Skin Cancer or Mole? When to See a Dermatologist

Almost everyone has moles, freckles, birthmarks, and other common skin spots. While these are usually no cause for concern, they should be monitored via regular self-exams and dermatologist appointments to screen for melanoma, a dangerous type of skin cancer. If you’re concerned about the appearance of a mole, learn how to identify common signs of skin cancer with help from Dr. Amin Fazeli, M.D. Ph.D., FAAD, FACMS and the Dermatology Associates of Central New York team.

Using the ABCDE Rule to Identify Melanoma

To identify signs of melanoma in a mole, dermatologists recommend the ABCDE rule. This rubric asks you to look for several factors, including:

  • Asymmetry: Does the mole look different on one side/in one area?
  • Border: Do you notice ragged, notched edges or other irregularities?
  • Color: Is the mole’s color inconsistent throughout?
  • Diameter: Is the mole larger than a pencil eraser, approximately 1/4-inch in size?
  • Evolving: Has its appearance changed in any way recently?

If you answered “yes” to any of these questions, the mole could be cancerous and should be examined by a dermatologist.

Keep in mind, however, that cancerous moles may exhibit several other signs of concern beyond these symptoms. Patients should also take note of moles that:

  • Have recently appeared
  • Swell or turn red beyond their border
  • Blue, white, or pink color
  • Spread in color past their border
  • Itch or become painful
  • Ooze or bleed
  • Become crusty
  • Have an unusual shape
  • Become hard or lumpy
  • Develop a depression at the center
  • Do not heal after injury or reopen wounds after healing

As you can see, melanoma has many symptoms, and they aren’t always straightforward in presentation. This is why it’s so important to see a dermatologist for annual exams and whenever you have concerns about the appearance of a mole.

Patients should also be aware that while moles can signal melanoma, they are not the only way this skin cancer appears. Additionally, less dangerous forms of skin cancer, such as basal and squamous cell carcinoma, have different symptoms but should also be monitored closely.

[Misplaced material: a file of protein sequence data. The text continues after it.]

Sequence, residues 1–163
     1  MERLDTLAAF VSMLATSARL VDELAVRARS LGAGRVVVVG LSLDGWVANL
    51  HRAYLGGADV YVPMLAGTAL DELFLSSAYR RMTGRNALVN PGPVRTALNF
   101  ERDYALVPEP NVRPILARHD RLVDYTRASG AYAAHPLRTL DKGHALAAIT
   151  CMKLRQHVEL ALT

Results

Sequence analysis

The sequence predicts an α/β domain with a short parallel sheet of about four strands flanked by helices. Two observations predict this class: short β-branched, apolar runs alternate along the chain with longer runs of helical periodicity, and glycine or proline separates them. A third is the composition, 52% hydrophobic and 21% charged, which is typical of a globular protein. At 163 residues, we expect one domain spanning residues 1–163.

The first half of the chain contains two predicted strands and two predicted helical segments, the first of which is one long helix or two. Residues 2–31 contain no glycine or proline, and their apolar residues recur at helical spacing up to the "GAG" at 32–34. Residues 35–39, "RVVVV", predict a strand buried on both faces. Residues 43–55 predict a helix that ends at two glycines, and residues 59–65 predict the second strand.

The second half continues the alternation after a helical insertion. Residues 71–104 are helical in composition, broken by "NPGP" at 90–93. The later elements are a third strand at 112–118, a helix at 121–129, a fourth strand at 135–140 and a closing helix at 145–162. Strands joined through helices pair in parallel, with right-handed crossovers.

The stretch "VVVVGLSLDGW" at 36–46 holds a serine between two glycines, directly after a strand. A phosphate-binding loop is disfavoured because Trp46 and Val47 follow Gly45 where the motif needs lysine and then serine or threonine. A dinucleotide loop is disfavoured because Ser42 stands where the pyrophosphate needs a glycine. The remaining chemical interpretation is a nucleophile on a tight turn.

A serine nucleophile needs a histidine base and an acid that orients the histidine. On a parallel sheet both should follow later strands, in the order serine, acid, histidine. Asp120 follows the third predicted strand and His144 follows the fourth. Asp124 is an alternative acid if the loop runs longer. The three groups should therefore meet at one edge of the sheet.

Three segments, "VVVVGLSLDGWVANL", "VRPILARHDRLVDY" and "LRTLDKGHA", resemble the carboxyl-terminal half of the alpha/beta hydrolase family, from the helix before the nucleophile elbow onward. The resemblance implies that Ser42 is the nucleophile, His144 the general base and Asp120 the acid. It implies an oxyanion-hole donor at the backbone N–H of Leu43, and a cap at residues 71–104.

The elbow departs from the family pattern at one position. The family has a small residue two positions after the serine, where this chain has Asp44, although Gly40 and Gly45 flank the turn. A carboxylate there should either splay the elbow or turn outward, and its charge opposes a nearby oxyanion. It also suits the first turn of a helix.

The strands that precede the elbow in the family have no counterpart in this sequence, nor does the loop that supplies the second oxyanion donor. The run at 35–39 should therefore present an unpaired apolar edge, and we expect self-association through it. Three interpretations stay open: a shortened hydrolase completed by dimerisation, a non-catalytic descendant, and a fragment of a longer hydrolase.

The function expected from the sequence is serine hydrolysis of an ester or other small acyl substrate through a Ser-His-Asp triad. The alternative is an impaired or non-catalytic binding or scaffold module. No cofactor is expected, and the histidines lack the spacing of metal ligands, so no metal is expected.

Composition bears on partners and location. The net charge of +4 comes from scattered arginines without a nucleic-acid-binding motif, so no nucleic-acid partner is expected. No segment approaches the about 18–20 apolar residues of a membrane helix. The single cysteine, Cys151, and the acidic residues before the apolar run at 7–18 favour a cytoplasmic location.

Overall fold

Are “Ugly Duckling” Moles Always Cancerous?

Dermatologists may also refer to an “ugly duckling” rule when checking for cancerous moles, and you can put this advice into practice at home as well. An “ugly duckling” mole isn’t necessarily one that’s unattractive. In fact, as long as a mole remains unchanged over time and doesn’t exhibit the signs above, it can simultaneously be safe and unattractive to the patient.

Instead, an “ugly duckling” is a mole that stands out dramatically from other nearby moles. Whether it is larger, smaller, paler, darker, or diverse in shape, these differences merit further investigation. The same is true for moles that appear suddenly away from other clusters. In both cases, however, being an “ugly duckling” is not a definite sign of skin cancer.

Monitor Moles with Help From an Experienced Dermatologist

Melanoma is a serious form of skin cancer and the leading cause of skin-cancer-related deaths. Accordingly, you should regularly examine your moles and report any changes to your dermatologist. If you have questions or concerns about melanoma and other skin cancers, contact us today to schedule a skin cancer screening. A dermatologist at our Fayetteville, NY practice will evaluate your moles, check for other signs of skin cancer, and offer tips for reducing your risk and keeping your skin healthy.

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